When you’re married or in a long-term relationship, there are plenty of things best left unsaid.
Negative thoughts can be just as harmful. Below, marriage therapists share six of the most damaging thoughts you can have about your relationship or your spouse.
It’s common for people to worry if their partners have become less invested in the relationship over time. But wondering if your S.O. loves you can create a cycle of negativity, especially if you ask them about it, said Pepper Schwartz, a professor of sociology at the University of Washington.
“It can create what psychologists call a self-fulfilling prophecy: Even though the partner might protest and say ‘of course I do,’ asking might make them start to wonder if there’s cause for concern,” she said.
Instead of asking if they still love you, try ending phone conversations with a simple “I love you” or kissing each other goodbye before work, Schwartz said.
“It may not tell you everything but affectionate behaviors are a good barometer of emotional connection,” she said.
Tardiness is a placeholder for anything here: Your spouse’s lack of interest in sex, their seeming inability to load the dishwater. What matters is that you’re being unnecessarily critical of your spouse and using generalizations, said Greg Cason, a psychologist based in Los Angeles. And judgemental thoughts are very likely to end in contemptuous behavior, he said.
“We default to criticism as a way to punish our partner and try to get them to act differently in the future,” he said. “It’s better to zero in on a single behavior and express your feelings about it. For instance, ‘You’re late and that upsets me’ or ‘I’m disappointed because I was hoping to get physically closer to you.’”
For the most part, idly daydreaming that your partner was more like Ryan Gosling or your ex-girlfriend from freshman year is innocent ― but don’t get carried away, said Leslie Petruk, a marriage and family therapist based in Charlotte, North Carolina.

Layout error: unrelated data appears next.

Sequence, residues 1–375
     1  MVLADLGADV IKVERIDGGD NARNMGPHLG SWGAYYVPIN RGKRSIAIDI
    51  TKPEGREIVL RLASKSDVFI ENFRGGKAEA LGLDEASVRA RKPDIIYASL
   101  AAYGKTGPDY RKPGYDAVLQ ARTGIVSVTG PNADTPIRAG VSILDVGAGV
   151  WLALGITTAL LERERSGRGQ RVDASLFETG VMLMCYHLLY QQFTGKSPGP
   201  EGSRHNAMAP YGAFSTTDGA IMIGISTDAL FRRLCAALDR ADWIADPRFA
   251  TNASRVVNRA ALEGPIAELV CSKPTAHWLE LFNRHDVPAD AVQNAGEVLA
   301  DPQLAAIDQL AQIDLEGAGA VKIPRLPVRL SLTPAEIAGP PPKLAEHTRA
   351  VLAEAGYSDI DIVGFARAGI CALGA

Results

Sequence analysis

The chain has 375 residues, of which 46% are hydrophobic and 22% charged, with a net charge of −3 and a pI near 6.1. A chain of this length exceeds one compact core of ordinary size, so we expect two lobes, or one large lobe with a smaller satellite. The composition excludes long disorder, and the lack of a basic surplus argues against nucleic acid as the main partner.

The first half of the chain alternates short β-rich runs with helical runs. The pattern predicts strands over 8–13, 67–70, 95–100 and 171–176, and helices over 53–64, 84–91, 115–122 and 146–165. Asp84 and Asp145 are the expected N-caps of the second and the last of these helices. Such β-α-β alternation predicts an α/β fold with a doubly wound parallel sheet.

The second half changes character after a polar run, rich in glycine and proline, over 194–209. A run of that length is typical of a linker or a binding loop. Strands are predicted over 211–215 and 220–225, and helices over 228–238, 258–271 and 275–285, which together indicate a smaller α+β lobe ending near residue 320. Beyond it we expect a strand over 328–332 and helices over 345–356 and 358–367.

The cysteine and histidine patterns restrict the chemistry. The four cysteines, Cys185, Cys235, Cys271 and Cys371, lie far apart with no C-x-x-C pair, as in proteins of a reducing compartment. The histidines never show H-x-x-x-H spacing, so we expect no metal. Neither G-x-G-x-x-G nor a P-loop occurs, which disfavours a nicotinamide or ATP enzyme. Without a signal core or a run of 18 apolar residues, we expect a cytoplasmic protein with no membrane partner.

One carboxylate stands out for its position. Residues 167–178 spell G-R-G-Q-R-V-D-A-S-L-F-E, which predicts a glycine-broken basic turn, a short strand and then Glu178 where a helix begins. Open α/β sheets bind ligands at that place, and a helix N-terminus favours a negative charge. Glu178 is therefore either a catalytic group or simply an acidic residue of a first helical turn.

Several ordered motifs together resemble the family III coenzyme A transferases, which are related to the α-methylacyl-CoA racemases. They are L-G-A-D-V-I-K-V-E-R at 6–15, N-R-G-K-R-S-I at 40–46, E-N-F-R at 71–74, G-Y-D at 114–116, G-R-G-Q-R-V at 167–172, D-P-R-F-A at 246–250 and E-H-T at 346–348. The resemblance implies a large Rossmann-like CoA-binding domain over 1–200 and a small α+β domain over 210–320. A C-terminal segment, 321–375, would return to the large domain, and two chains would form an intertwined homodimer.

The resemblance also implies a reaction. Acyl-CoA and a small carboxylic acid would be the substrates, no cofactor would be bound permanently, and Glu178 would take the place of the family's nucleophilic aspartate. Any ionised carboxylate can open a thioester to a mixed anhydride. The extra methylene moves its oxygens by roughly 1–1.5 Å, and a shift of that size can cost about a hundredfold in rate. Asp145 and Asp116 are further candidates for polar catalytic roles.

“If there are qualities or traits that you admire in someone else, then let your partner know you wish they did more of that and find out if it’s something they are willing or want to change,” she said.
Of course, nothing breeds discontent more than fantasizing about being with someone else, said Kurt Smith, a therapist who specializes in counseling men.
“Thinking is not too distant from actually doing it and it will destroy your relationship faster than just about anything else,” he said.
It’s completely unfair to expect your spouse to know exactly why you’re reacting so negatively to something they’ve done. And even if you don’t say anything about your expectations, your silent treatment and eye rolling likely speaks volumes.
“It’s such a common issue with couples but 99 percent of the time, their interpretation is inaccurate or incomplete,” Petruk said. “If you think you know the motivation behind their actions, check it out before coming to your own conclusion.”
There’s nothing wrong with reminiscing about the days when you couldn’t keep your hands off each other. But look back with a fair perspective, said Abby Rodman, a psychotherapist and the author of Should You Marry Him?: A No-Nonsense, Therapist-Tested Guide to Not Screwing Up the Biggest Decision of Your Life.
“Sometimes I’ll look back and ruefully say to my husband, ‘Remember when we...?’ or ‘Remember how great that was...?’” she said. “He’ll smile and say, ‘Yeah. Wasn’t that great?’ He doesn’t say, ‘Yeah. Why don’t we have that anymore?’ or ‘It sure was. What happened to you or us?’”
The point is, while it’s important to treasure the past, none of us can go back to a time to when everything about the relationship was new and exciting, Rodman said.
“For the relationship to go on, that needs to be OK,” she said. “Sure, remaining in love is absolutely possible, but to lament that your mature marriage is no longer what it was in the beginning will only invite disillusionment and discontent.”